In an operation carried out by police this year, at least one person was reported dead due to a road accident in the districts of Gasabo, Nyagatare, Gatsibo, and Kayonza in the month of August.
Chief Superintendent of Police (CSP), Gerard Mpayimana, the deputy commissioner of Operations for Traffic and Road Safety department, says although traffic operation is done on a daily basis, the aforementioned reports steered them to take serious action and conduct general screening for drivers for prevention purposes.
Mpayimana says the increase in the number of road fatalities is mainly due to drunk driving.
“We strongly suspect that alcohol consumption is the main cause of over speeding, wrong overtaking, manoeuvres, among other reckless behaviours by drivers,” he says.
Through recent operations across the country, Mpayimana says he has personally come across cases of accidents that were caused because of driving under the influence of alcohol.
For instance, he says, one such case was in Kabuga sector where a driver hit five pedestrians — one died on spot. The driver was found to be driving under the influence of alcohol.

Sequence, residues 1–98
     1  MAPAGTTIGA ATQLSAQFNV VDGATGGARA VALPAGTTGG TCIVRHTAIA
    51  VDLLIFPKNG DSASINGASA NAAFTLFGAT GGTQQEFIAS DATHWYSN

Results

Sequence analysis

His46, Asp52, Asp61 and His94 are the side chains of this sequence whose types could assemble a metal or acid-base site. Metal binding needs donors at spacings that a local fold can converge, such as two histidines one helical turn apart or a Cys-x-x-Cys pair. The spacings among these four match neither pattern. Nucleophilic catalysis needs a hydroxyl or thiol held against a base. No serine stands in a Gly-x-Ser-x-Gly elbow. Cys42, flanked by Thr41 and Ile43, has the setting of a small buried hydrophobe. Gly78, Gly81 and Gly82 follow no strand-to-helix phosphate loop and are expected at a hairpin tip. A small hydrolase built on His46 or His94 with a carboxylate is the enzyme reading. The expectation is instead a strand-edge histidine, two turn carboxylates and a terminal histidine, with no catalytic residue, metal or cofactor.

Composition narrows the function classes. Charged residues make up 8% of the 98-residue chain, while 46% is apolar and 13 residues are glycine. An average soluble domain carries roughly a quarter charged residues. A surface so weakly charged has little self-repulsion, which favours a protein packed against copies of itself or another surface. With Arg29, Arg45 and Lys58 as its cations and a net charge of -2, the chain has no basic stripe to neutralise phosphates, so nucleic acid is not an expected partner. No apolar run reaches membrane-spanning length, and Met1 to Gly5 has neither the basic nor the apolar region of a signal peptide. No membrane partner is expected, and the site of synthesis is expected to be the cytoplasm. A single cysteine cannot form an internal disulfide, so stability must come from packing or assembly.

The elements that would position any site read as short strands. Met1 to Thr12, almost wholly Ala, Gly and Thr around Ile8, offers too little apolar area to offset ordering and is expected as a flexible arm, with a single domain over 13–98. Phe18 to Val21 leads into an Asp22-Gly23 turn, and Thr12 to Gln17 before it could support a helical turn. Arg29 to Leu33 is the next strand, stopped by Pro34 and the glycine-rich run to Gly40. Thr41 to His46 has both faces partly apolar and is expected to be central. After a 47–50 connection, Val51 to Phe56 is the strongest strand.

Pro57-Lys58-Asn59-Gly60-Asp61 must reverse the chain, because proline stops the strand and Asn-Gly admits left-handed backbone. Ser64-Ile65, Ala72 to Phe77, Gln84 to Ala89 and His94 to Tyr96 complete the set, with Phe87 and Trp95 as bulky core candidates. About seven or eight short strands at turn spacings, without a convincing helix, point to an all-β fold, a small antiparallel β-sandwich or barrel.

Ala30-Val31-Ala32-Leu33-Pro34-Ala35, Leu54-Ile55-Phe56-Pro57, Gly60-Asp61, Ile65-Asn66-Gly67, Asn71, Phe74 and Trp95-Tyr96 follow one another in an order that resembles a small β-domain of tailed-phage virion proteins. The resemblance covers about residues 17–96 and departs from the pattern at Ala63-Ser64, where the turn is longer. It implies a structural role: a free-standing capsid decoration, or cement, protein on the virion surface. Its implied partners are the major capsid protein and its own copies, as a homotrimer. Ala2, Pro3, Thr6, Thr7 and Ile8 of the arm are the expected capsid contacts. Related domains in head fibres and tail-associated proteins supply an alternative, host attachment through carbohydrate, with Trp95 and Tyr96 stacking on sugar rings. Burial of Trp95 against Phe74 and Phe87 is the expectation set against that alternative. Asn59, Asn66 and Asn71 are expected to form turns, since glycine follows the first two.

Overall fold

Another case involved a lady who hit two people in Kigali.
The two are just some of the cases of accidents caused by driving under the influence of alcohol, discovered in the ongoing road operations that have intensified and are done on a weekly basis.
Mpayimana notes that there has been a slight decrease in the number of road accidents across the country due to this operation.
“Over the last four weeks, there has been a reduction in the number of accidents, although we can’t say alcohol consumption is the immediate cause, the consequences of drinking beyond the level allowed can reduce accidents,” he adds.
In Rwanda, like everywhere in the world, driving under the influence of alcohol is prohibited.
Alcohol abuse can destabilise the normal functioning of the brain of an individual.
Dynamo Ndacyayisenga, the in-charge of management of alcohol and drug use disorders at Rwanda Biomedical Centre (RBC), says after alcohol consumption, the blood contains an alcohol particle which stimulates the neurons, and this, according to him, affects drivers in many aspects.
This, he says, includes judgment, stability, attitude, perception and their capacity to control what is happening around them.
He adds that alcohol use may also cause lack of caution, reduced sight, low reasoning capacity, and a decline in performance when driving.